Migrant Mother: How a Photograph Defined the Great Depression by Don Nardo
Coughlan Publishing, 2011
Review copy courtesy of NetGalley and the publisher.
My rating: 4 of 5 stars
What I love most about history is the people and the study of the everyday. What better way to connect with someone (sometimes) long past than an image, be it a tapestry, a painting or a photograph.
Migrant Mother tells the story of - and reveals the human faces - behind one iconic photograph, taken at a time when America (and the entire world) was dealing with a period of turmoil subsequently known as the Great Depression. While the focus of the book is on the lives of two women - the one featured in the photo and the one behind the lens - both during the time of the image and beyond, it also briefly details the effects of the Great Depression on families and the land.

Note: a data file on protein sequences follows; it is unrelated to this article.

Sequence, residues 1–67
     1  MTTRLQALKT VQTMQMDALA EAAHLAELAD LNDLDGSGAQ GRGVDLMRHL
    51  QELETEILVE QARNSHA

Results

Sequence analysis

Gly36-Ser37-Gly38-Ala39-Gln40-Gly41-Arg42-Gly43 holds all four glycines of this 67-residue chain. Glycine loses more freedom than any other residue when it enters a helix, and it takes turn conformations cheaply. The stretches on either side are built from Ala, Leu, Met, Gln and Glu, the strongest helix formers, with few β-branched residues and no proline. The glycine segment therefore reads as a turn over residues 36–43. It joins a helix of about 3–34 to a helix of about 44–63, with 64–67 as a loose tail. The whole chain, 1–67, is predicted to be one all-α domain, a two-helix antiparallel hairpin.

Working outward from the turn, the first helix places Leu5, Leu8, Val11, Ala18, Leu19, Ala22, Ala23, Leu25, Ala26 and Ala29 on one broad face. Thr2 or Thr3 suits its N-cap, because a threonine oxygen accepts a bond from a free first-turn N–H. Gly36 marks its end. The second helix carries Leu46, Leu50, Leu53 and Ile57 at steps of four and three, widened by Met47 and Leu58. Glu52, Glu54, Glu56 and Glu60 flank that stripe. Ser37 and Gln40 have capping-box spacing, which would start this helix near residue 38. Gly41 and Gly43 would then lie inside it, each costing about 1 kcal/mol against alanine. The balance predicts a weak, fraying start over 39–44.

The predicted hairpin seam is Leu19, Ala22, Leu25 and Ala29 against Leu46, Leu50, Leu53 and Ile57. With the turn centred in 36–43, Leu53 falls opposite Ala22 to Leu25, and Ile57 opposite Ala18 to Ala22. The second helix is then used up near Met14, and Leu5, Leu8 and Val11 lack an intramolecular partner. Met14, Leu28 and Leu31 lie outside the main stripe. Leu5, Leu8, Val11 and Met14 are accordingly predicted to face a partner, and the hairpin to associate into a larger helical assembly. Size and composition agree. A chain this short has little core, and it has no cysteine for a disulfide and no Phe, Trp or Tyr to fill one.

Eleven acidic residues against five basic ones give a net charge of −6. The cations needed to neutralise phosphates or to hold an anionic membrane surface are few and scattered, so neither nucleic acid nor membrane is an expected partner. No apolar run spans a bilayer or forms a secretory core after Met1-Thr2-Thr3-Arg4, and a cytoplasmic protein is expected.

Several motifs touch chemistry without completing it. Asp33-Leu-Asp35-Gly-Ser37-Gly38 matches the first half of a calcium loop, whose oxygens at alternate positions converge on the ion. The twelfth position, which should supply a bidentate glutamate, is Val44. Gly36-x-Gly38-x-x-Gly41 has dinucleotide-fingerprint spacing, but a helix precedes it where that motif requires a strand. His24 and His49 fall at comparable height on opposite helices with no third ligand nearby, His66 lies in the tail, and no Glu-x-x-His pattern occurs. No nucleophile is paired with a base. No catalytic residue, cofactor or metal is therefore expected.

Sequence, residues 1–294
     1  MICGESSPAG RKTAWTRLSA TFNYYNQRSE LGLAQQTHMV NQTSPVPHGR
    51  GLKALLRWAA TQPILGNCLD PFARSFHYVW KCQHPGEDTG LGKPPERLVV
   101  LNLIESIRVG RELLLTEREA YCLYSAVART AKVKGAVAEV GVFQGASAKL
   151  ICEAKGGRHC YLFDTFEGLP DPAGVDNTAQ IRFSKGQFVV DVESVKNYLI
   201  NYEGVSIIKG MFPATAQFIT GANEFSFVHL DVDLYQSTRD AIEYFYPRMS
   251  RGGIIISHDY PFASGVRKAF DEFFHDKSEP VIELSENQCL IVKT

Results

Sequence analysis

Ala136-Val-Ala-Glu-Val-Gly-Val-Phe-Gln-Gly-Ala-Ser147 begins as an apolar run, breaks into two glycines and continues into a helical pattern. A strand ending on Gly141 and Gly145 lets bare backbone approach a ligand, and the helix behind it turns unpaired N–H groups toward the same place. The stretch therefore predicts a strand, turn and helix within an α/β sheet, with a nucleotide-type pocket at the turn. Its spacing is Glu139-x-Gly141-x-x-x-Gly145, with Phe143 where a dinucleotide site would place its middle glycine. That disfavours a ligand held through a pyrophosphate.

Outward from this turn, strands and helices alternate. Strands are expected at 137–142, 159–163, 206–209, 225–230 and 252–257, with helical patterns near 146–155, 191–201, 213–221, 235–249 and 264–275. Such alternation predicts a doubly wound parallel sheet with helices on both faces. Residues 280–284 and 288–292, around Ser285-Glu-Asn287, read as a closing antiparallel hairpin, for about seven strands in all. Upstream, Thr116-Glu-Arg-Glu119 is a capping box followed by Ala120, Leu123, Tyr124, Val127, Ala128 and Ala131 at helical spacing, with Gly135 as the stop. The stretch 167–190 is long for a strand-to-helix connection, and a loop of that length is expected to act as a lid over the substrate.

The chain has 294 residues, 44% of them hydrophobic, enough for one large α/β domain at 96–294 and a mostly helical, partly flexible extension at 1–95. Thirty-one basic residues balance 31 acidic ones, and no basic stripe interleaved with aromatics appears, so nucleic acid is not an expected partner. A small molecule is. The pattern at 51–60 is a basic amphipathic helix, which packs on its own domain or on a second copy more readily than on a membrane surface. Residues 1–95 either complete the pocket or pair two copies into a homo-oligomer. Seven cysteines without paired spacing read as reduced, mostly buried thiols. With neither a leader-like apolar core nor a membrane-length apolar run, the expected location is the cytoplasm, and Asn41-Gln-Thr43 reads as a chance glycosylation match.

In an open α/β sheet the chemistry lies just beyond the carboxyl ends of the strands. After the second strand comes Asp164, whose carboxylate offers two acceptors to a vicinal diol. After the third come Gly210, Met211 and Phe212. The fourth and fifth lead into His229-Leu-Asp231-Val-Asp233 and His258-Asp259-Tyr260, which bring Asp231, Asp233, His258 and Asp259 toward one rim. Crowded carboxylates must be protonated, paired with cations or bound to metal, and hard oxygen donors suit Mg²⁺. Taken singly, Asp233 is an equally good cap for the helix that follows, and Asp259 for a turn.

The text is interspaced evenly with lots of images, as well as sidebars on a variety of topics. Nardo has also included a brief timeline, a list of additional resources, a glossary of terms, source notes, a bibliography, and a complete index.
Migrant Mother is an excellent resource for both the children it was written for and for adults. Anyone interested in the history of this particular image, as well as an introduction to the Great Depression and the effects it had on a single family, will benefit from flipping through this book.